EmployRight enables employers to feel secure in the knowledge that they have the necessary documents and specialist advice at hand at a cost which is fixed.

If you need support or advice about any employment legal issues you may have you can contact Paul Reader or the wider Commercial and Dispute Resolution Team  on 01892 526 344.

The contents of this article are for the purposes of general awareness only. They do not purport to constitute legal or professional advice.  The law may have changed since this article was published.   Readers should not act on the basis of the information included and should take appropriate professional advice upon their own particular circumstances.

 

 

Long Term Sickness

Dealing with an employee who is off sick for a number of long periods, or for one continuous long period, is complex. It requires a particularly careful procedure, which must be well documented by the employer.

Particular care will be required to ensure you do not encounter disability discrimination claims if the employee has a long-term condition meeting the definition of disability under the Equality Act 2010.

The existence of a permanent health insurance (PHI) scheme or a pension scheme providing for ill-health retirement, will also need to be considered.

When an employee has been signed off sick an employer should:

 

  1. Consult with the employee in order to obtain a diagnosis and a prognosis to ascertain how long the absence is likely to last,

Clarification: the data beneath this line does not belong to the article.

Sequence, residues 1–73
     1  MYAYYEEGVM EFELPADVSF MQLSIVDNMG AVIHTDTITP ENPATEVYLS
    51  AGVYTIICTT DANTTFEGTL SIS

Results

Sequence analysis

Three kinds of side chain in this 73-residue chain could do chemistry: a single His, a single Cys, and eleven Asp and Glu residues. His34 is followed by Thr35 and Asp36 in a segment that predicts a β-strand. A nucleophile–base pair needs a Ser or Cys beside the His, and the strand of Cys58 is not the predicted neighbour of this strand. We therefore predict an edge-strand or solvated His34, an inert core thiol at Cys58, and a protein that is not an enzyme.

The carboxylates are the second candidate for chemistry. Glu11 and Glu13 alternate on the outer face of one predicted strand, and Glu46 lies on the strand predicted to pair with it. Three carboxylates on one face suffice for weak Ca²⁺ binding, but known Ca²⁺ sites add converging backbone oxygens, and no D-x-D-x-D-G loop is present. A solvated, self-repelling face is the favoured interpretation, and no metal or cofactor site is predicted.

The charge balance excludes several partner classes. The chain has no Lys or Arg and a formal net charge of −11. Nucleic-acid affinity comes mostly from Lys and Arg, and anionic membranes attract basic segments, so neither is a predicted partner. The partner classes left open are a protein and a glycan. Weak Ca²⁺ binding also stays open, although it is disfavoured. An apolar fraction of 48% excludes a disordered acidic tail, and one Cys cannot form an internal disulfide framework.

1. Obtain medical evidence, if required, to clarify the employee’s condition and likely return to work,

 

A medical report can be obtained from either the employees GP or an employer’s own company medical expert. The employee will have to give consent under GDPR and AMRA regulations and a procedure will have to be followed to obtain such consent. The employee will be entitled to consider the report,

 

  1. Obtain an occupational health assessment to see what adjustments could be made to facilitate the employees return to work,

 

  1. Consider disability issues, if the employee is disabled for the purposes of the Equality Act then the employer has a duty to make reasonable adjustments to facilitate the employees return to work. This does not mean making all the adjustments recommended by the employee, the occupational health report or the doctors, just those which are reasonable with reference to the resources of the employer and the likely effect the adjustment will make,

 

  1. Consider any available alternative employment,

 

  1. Consider early retirement under a pension scheme (if there is one),

 

  1. Consider the permanent health insurance (PHI) scheme (if there is one) – an employer cannot dismiss the employee this means they lose their entitlement to benefit under a PHI scheme unless there is a good reason to do so for example a genuine redundancy situation or a finding of misconduct on the part of the employee,